which goes very much aligned with some of the one of the probably the most important agenda which we have which is basically moving everyday. So I think policies away from being only transportation policies, not only about us health and infrastructure, but also being a part of health policies, climate policies, urban policies, children educational policies, mean basically integrating cycling and all these different policy areas. And I think

That they have that is what they to a certain extent have succeeded with in the Netherlands and with it with the Tour de Force initiative, because it is basically about getting different government

organisations talking to each other, which is in a democracy, sometimes something of a challenge

Carlton Reid 9:22
There tends to be a lot of government agencies and people

representing government agencies at conferences like this. So what what what do conferences like this add to transportation cycling? You’re here so opposite it’s an essential place to be but what do you think they add?

Klaus Bondam 9:43
I think a lot of civil servants and also a lot of politicians on all levels are basically looking for solutions these years.

I heard a quote somewhere in the election campaign. He think he stole it from somebody else but the quote is

very good, that the cities of today are basically facing three major challenges, congestion, obesity, co2 emissions, Cycling is a part of the solution to all three of these major issues. So I think I mean, any clever civil servant would basically be looking into where can I find something that is useful to

incorporate these, solving these challenges that we’re facing. And

active mobility is, of course, and cycling is of course, everyday cycling, is of course, a very low hanging fruit. But having said that, we are now also in the everyday cycling world, we are also facing new challenges. How do we integrate new forms of sustainable mobility, the electric scooters, for example? I mean, are they good? Are they bad? From a sustainable point of view, they’re actually quite good. I mean, they don’t take up that much space. They they run on electricity.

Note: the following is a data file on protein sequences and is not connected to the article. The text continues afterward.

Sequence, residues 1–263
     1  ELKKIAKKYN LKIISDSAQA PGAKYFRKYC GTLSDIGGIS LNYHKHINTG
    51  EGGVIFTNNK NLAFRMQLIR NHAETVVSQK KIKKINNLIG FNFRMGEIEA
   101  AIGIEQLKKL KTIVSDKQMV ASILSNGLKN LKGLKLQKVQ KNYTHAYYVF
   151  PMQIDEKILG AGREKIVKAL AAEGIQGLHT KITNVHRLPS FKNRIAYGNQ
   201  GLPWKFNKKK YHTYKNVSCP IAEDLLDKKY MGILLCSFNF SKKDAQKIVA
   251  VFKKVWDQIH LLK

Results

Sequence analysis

They create efficiency and mobility is in our cities. But as an not active mode of transportation, they’re not very good.

As a especially the, the, the rent systems, which is becoming a major problem in Copenhagen, they just left everywhere on the road, and which is, I mean, I can see them but if you’re disabled if you’re blind if you’re in a wheelchair, it’s not very, I mean, it’s not a very inclusive town if you put it that way. So I think I mean, these sorts of these these kinds of new modes of transportation, it opens a lot of questions. A lot of challenges for us in in in the everyday so I think, well, because what I see is basically that there are a bit rude now or bit arrogant, but they’re very kind of invading our space. We have very good cycling infrastructure in Copenhagen and a lot of other Danish cities. Right now, we should we have seen

the result of the How can you say political implementation that has basically been put it on the bicycle infrastructure, put it on the bike tracks, I mean, so I have

come up with some some statements about I mean, it’s not very nice seeing the bicycle tracks being kind of the dustbins of, of new transport developments. So we should really I think that one of our challenges in the years to come, how do we integrate everyday cycling in the discussion on

new forms of mobility, mobility as a service, smart cities, connectivity is all these kinds of things. And it’s an extremely interesting discussion because

definitely in the Danish context, but I also see it very much in a German context in a Dutch context, of course, actually, also in a British context that is getting more and more mainstream politics, which, I mean, we’re not a niche any longer. We are part of the solution. We are an essential part of the dialogue.

Laura Laker 12:49
It’s the afternoon of Velo-city on day two and I have met Amanda Ngabirano. Can you can you tell me pronounce your name for me, Amanda , no. Amanda